I've expressed before, here and elsewhere, my unhappiness with the ways that educational experts have begun to feed on teachers and schools in the same way the politicos and mass-media journalists have been doing since 1983 or so. Too many educator fingers are being pointed at teachers and administrators as the cause of all the inertia and resistance that prevents schools--and here I refer in particular to independent schools, who are not enslaved by NCLB testing requirements--from enacting the changes that will make our programs and institutions sustainable into the foreseeable future.

So, it's time step make a formal declaration of my intention to step away from this site, hunker down in my secure undisclosed location for a while, and try to figure out what the school(s) of the future--which will indeed not be my father's school--will need to be like, and how they will need to conceive of, recruit, train, and treat their (I certainly hope and expect) admirable faculties.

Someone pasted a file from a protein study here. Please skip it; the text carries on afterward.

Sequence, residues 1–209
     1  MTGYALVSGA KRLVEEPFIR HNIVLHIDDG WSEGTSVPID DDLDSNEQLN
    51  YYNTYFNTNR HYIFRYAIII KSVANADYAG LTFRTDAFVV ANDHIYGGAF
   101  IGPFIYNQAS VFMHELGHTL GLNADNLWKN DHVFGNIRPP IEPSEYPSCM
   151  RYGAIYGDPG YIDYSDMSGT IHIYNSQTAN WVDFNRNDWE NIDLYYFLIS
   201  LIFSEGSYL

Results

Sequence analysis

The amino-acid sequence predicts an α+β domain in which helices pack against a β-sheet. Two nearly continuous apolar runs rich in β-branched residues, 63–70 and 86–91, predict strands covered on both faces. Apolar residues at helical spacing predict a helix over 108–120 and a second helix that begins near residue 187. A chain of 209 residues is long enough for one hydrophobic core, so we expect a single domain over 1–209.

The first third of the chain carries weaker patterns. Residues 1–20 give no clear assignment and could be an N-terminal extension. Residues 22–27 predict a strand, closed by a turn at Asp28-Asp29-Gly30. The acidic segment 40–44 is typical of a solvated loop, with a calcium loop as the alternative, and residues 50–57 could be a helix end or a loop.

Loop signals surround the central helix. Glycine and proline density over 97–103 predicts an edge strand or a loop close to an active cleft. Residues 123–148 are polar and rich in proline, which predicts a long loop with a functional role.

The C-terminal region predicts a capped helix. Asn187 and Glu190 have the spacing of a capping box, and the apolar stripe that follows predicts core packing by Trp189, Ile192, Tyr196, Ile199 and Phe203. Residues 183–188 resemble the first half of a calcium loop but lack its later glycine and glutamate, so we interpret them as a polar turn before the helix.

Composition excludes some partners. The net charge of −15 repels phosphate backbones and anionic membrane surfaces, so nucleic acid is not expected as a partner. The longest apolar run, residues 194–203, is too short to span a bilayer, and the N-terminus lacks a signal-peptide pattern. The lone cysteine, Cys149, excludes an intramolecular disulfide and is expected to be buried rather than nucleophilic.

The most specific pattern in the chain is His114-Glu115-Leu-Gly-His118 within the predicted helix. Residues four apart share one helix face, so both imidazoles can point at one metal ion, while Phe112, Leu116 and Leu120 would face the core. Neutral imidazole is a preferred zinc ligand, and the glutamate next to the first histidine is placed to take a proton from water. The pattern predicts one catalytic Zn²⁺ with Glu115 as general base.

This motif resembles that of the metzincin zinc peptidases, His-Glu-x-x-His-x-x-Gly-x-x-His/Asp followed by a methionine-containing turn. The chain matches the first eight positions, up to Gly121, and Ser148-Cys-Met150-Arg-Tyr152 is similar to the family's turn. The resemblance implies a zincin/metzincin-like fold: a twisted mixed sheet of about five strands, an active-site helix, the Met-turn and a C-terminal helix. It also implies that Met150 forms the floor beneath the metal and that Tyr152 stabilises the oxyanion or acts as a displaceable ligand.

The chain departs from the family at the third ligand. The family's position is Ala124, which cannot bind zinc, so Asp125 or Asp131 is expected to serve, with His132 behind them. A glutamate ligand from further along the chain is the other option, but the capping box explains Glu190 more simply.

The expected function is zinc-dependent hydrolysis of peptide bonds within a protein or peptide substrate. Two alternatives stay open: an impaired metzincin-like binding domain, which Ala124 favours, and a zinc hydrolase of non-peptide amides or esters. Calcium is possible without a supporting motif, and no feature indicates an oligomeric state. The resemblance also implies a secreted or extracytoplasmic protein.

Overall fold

73, friends

Wednesday, May 5, 2010

Long-term boards, strategic plans, and board chairs

I recently spoke with some independent school folks in Maryland on the topic of change and innovation. Along the way to putting my thoughts into words, I had a couple of ideas that might be useful for people in schools wanting to but mired down in the challenges of change.

As educators and especially as change agents within schools, we sometimes neglect or regard as an insurmountable obstacle the role of governing boards. While good boards should have a healthy admixture of innovators and steady hands, often enough the culture of boards produces a kind of stagnation, or certainly aversion to change.